In 1955 a virus was isolated by Morris et al. from a chimpanzee with an upper respiratory tract infection. This apparently new virus was originally called chimpanzee coryza agent. Soon aftclwards, when it was isolated from children with respiratory disease, it became clear that this virus was a major human pathogen. The virus was from then onward called respiratory syncytial virus (RSV) because of its ability to caLise respiratory disease and to induce large syncytia in cell culture. RSV is now known as the single most common cause of severe respiratory tract infection in childhood. In fact up to 70% of hospital admissions of infants for respiratory infections during the winter season may be caused by RSV alone. Soon after RSV was found to be a significant cause of morbidity and 1ll00iaiity in childhood the search for a vaccine began. During the sixties a formalin inactivated RSV (FI-RSV) candidate vaccine, known as "lot 100", was developed and administered to children of two to seven years old. This vaccine, in stead of protecting vaccinees against RSV infection, predisposed for more severe disease upon natural infection in the following RSV season. Hospitalization rates were as high as 80% and two of the vaccinces died. At this moment, despite considerable research efforts, no licensed vaccine is available against this important pathogen. Development ofa vaccine against RSV is one of the priorities of the Global Program for Vaccines of the World Health Organization.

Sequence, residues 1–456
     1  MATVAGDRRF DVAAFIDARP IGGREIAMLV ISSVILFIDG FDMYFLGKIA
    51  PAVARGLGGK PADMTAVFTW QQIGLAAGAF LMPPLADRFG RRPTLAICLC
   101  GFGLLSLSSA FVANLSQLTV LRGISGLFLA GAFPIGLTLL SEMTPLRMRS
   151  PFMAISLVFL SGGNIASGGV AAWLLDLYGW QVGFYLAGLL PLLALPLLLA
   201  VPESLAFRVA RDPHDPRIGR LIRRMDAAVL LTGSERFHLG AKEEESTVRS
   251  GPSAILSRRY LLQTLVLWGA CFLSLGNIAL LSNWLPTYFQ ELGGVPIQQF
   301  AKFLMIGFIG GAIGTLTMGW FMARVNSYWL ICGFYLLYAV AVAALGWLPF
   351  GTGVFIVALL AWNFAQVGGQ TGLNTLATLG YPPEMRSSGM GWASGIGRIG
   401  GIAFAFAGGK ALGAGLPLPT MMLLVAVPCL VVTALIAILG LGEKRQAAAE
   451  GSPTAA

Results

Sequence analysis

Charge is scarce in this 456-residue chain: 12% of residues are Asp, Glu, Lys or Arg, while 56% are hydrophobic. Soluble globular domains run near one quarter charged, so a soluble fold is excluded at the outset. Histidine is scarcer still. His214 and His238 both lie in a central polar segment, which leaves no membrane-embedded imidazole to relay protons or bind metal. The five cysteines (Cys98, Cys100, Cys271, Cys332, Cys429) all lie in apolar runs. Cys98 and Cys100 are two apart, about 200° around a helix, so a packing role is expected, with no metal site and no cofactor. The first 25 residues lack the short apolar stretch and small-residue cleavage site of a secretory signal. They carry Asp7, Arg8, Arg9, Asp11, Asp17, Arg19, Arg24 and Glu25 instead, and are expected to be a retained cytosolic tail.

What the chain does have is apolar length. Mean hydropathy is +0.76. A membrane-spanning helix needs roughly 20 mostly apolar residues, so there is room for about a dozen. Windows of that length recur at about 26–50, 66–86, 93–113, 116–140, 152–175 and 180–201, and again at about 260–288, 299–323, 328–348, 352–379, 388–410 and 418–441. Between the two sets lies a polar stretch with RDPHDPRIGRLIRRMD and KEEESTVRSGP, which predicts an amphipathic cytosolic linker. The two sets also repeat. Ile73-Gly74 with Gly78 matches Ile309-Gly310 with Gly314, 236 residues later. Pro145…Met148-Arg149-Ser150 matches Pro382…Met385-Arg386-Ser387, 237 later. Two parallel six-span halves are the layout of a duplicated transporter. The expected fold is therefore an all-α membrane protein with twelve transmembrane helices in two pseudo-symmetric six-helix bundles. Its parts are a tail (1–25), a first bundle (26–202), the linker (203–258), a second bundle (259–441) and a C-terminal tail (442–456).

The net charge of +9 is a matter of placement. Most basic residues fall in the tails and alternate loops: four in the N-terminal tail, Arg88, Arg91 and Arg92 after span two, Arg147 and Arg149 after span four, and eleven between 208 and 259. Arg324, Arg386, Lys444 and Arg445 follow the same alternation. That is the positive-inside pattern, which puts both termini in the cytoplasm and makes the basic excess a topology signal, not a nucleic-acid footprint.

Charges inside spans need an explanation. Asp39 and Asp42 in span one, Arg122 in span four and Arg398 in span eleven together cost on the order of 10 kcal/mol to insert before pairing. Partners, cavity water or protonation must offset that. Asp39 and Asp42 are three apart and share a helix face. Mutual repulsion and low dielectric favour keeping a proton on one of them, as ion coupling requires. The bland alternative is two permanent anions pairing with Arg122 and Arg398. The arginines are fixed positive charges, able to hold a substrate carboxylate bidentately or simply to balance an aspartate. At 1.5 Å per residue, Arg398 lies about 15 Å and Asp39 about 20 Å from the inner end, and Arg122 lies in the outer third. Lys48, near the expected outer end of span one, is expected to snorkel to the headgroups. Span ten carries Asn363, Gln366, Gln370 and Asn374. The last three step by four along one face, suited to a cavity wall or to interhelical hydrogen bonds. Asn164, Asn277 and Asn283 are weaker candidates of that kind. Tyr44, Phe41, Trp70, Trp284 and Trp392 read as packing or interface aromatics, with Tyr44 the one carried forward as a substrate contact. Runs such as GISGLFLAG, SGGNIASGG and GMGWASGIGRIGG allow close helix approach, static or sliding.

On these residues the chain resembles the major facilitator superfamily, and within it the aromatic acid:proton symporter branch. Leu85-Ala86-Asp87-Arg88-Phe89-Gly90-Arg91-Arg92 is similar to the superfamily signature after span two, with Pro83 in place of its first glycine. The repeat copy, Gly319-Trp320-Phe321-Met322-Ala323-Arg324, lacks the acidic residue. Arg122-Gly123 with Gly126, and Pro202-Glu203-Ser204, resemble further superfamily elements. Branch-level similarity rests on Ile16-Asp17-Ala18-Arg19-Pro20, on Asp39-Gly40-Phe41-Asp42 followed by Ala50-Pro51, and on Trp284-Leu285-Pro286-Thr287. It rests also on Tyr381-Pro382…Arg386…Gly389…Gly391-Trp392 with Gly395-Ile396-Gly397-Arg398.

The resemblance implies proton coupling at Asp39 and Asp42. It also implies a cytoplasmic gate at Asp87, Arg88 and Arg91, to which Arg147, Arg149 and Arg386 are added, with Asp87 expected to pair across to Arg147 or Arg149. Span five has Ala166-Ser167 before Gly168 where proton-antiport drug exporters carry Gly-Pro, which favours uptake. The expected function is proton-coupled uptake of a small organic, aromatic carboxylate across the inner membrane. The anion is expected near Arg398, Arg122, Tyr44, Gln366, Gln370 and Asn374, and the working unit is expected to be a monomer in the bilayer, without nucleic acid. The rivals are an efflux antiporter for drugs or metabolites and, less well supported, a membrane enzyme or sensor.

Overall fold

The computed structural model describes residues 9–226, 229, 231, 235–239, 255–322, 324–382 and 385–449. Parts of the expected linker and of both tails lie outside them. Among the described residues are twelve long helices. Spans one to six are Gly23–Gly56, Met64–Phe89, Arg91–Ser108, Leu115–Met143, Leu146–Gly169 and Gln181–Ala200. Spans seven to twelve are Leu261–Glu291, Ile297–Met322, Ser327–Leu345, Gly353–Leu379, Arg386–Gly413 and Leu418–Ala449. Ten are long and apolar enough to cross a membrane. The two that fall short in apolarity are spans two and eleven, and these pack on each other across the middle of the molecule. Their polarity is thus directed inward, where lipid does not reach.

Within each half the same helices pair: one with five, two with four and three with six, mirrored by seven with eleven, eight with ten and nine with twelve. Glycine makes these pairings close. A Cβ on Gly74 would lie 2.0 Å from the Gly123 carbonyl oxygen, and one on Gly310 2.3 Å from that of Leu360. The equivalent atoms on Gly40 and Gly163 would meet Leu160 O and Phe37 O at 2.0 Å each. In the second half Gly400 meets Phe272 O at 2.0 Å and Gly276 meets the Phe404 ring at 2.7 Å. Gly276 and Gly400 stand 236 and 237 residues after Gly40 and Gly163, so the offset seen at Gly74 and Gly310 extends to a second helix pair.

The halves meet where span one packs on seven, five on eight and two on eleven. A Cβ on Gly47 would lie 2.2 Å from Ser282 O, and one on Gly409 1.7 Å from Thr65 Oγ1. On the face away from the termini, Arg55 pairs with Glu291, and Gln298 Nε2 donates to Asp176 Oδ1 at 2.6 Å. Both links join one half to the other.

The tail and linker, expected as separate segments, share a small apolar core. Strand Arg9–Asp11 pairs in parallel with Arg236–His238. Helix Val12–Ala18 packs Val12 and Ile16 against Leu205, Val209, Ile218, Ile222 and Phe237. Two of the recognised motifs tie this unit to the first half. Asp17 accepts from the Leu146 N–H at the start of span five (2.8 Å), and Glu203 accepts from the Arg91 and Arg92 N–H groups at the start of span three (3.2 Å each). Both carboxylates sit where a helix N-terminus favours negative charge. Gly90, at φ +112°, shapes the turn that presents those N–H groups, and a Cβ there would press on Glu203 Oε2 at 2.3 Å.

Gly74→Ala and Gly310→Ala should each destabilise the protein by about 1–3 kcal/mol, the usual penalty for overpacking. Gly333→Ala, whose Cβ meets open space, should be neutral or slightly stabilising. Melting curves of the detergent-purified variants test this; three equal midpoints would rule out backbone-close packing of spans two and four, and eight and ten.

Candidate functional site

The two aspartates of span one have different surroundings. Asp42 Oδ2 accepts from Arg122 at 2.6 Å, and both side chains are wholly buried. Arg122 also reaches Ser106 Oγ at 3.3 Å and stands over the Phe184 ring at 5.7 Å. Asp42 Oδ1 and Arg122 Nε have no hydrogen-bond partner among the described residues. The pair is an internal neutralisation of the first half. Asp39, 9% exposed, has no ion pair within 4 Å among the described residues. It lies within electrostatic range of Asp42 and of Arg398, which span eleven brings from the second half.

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Sophia Foundation for Medical Research (Rotterdam), Abbott BV (Rotterdam)
A.D.M.E. Osterhaus (Albert)
Erasmus University Rotterdam
Erasmus MC: University Medical Center Rotterdam

Brandenburg, A. (2000, November 15). Respiratory Syncytial Virus Infections in Infants: Detel1ninants of Clinical Severity. Retrieved from